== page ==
diamond foundry



De Beers’ announcement to start selling man made diamonds (CNN Money: “De Beers admits defeat over man-made diamonds”) is welcome by Diamond Foundry as a key next step for the industry at large to embrace the future.

It Takes an Industry to Transform a $85B Business

Diamond Foundry has long been on the forefront of the shift towards sustainable grown diamonds that avoid the vast environmental & social harm of mining.  But the lack of a large diamond miner supporting above-ground diamonds has been a cause of conflict and uncertainty in the industry.

After decades of discounting the reality and viability of aboveground diamonds, De Beers is saying today that consumer demand has shifted and manmade diamonds are here to stay; as well as that one should never fall in love with one’s own propaganda.

Lab Diamonds Still a Nascent Industry

De Beers plans to produce 500,000 carats of lab diamonds by 2022, or approximately 1.5% of its mining output of 33 million carats per year.  This puts lab diamonds into a rare “one percent” pocket relative to mined diamonds for the foreseeable future.  (At least, De Beers’ marketing investment in “Real & Rare” very much applies to manmade diamonds.)

Diamond Foundry is on track to produce 1 million carats a year (at a third of De Beers’ power cost and using more advanced proprietary technology).  Still, this is only another percent of the entire mining production.

In order for aboveground production to match 180 million carats of mining production, a capital expenditure of $10B is required for the kind of semiconductor grade equipment necessary to create diamond.  No single company will do all of that.

Evolving Pricing Models

De Beers’ industrial mining operation presently produces 33 million carats a year at a cost below $100 per carat and selling them at a price of $162 per carat.  Relative to that, De Beers plans to sell lab diamonds for $200 per carat (or $800 per polished carat).  In other words, De Beers believes lab diamonds carry a premium of 25% relative to mined diamonds.

In 2015, Diamond Foundry proposed a flat per-carat pricing to its initial customers similar to how now suggested by De Beers.  But soon Diamond Foundry found that larger diamonds in the higher qualities are in much higher demand than others.  A waitlist resulted, and there is still a large waitlist for the best stones. Of course, buyers jump on the best material while lower-quality stones move less fast. Quality based pricing tends to be a good way to reflect the nature of supply and demand, whether the diamond is produced aboveground or in industrially mined.

Press releases do not set the pricing in the multi-billion-dollar global market of diamonds; supply and demand does.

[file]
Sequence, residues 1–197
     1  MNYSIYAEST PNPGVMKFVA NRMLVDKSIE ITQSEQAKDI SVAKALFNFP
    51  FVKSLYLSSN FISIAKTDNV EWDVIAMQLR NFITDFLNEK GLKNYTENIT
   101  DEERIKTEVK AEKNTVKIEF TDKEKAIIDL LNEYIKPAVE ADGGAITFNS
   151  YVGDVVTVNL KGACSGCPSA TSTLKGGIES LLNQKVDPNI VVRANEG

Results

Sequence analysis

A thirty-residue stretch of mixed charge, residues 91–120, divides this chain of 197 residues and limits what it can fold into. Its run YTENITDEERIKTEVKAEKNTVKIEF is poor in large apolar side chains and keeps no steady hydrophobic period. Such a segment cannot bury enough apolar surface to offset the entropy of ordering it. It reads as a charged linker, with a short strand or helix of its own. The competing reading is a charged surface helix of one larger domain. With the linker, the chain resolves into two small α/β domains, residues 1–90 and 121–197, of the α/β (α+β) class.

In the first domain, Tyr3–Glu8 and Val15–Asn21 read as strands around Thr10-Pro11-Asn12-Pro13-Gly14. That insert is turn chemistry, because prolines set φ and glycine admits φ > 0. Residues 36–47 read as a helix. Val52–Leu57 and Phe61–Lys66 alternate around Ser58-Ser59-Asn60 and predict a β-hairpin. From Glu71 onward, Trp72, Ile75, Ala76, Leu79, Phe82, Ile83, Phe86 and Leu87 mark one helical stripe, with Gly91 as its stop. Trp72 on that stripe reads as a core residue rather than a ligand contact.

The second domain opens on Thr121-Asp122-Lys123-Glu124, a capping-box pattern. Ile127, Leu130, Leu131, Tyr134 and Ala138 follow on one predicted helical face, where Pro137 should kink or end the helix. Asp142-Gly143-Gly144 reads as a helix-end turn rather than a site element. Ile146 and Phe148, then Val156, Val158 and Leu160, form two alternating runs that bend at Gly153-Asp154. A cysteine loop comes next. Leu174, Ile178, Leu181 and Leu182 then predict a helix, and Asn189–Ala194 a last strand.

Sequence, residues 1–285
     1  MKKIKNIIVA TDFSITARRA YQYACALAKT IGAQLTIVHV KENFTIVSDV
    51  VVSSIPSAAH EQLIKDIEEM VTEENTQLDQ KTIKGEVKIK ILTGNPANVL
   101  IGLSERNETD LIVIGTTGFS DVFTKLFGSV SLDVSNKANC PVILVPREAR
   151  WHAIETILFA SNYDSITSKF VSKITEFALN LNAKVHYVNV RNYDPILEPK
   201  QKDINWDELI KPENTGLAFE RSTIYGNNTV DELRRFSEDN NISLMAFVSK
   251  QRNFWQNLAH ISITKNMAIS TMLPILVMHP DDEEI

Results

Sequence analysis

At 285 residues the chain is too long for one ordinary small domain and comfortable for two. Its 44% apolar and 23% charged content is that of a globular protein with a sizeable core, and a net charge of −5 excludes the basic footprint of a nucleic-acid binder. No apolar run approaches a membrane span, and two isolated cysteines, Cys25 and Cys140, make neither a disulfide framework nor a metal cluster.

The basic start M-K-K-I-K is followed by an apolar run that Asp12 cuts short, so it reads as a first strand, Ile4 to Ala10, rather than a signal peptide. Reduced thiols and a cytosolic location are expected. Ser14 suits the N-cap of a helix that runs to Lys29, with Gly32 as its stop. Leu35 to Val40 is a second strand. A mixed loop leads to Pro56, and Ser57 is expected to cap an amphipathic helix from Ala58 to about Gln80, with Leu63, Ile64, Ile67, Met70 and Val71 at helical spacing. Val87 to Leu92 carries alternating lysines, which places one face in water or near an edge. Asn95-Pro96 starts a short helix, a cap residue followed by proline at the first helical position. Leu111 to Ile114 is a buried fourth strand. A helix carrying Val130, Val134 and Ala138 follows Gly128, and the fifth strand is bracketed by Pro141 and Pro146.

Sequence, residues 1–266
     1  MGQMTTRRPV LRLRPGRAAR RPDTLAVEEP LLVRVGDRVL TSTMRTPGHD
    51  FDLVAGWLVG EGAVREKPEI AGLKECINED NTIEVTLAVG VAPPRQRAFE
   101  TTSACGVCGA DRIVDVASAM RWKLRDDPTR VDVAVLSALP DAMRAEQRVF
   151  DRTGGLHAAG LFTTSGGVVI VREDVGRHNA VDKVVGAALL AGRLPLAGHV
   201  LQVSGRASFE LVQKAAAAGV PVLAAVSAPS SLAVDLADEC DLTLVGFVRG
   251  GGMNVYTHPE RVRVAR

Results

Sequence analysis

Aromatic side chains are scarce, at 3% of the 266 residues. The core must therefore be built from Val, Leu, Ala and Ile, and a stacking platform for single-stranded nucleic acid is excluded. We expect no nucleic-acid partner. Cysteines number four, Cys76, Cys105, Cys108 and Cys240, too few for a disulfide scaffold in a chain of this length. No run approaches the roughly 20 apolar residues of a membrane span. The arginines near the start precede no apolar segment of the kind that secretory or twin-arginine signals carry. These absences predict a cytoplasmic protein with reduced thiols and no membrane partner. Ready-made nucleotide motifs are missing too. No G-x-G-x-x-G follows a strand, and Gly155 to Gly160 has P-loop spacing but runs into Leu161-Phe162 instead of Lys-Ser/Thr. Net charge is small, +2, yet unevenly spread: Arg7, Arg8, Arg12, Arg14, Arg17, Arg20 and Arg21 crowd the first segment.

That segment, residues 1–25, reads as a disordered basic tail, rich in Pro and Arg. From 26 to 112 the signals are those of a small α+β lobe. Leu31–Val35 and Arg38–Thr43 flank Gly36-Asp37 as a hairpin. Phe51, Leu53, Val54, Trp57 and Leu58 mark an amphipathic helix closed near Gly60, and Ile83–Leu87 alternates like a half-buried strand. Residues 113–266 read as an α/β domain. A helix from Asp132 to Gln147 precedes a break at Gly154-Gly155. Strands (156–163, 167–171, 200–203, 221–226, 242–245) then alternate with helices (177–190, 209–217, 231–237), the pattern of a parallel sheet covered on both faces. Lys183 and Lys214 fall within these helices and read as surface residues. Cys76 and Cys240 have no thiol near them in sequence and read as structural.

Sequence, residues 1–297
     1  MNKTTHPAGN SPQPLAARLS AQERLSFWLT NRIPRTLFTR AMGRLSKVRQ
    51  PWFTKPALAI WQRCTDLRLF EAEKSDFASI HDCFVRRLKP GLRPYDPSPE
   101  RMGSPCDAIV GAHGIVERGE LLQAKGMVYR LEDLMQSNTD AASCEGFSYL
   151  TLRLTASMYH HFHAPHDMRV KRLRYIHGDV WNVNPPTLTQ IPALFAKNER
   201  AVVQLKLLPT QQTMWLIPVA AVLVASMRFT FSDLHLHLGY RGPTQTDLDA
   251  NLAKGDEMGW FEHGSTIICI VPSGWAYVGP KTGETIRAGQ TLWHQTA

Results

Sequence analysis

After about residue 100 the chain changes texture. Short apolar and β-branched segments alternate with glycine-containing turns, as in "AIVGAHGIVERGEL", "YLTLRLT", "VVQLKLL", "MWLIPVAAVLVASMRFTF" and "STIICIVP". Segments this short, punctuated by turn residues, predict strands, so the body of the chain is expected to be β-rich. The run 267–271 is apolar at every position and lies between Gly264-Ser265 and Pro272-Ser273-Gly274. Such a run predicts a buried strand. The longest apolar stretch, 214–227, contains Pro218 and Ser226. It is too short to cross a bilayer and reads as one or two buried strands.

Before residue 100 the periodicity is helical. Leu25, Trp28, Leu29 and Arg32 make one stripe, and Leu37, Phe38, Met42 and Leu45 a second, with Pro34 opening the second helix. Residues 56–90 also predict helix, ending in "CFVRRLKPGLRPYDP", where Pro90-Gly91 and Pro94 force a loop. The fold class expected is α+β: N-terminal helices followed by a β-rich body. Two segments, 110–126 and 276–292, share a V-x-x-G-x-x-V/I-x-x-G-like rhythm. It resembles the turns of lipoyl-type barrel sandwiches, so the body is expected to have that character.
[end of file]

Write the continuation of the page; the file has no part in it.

Note the pricing announced by De Beers is on par with where the market for smaller unbranded and uncertified natural diamonds has been for some time now. The smallest natural diamonds sell for as little as $65 per carat.

Non-Bridal Jewelry

De Beers will initially only offer 1ct or smaller lab diamonds as used in non-bridal / designer jewelry.

While each lab diamond is unique just like any mined diamonds, De Beers is targeting non-bridal jewelry first, which is a market where, unlike for engagement rings, individual certification has not been required and not been industry practice.

Jewelry designers around the world will now enjoy knowing that their past history with De Beers is not a conflict to using lab diamonds, as many have been desiring.  Designers and producers can now openly meet and communicate rather than under the cloak of secrecy.

Bridal Jewelry

Recent consumer surveys indicate that 70% of all consumers are ready to consider a manmade diamond for their life’s most pivotal moments including engagement.  Companies like Diamond Foundry, MiaDonna, Brilliant Earth, etc. are seeing this every day: consumers love above-ground diamonds.

Shoppers for engagement rings and other diamond jewelry care about individually certified diamonds because each diamond, whether manmade or mined, is unique and the value is high. Certification is a routine practice in the diamond industry and easily and inexpensively added to any diamond by sending it to a grading lab.

De Beers is not yet making its lab diamonds available for the bridal market, allowing producers like Diamond Foundry to serve this most profitable part of the jewelry industry.

Diamond Foundry

As America’s #1 diamond producer, Diamond Foundry has long focused on setting the standard for diamonds in the modern world.  Diamond Foundry is producing very high quality diamonds — graded by GIA gemologists to be among the best 1% of all diamonds in the world — and is presently also the only producer in the world which has achieved a certification for a zero carbon footprint.

Each diamond created by Diamond Foundry is certified by a GIA gemologist as well as GCAL.

Diamond Foundry offers an industry-first Forever 100% Value Guarantee which protects a diamond’s value more than any other diamond on that market, whether mined or aboveground.

We believe that as “technology eats mining,” consumers will benefit in ever more ways.

Scroll to Top
WhatsApp chat
%d bloggers like this: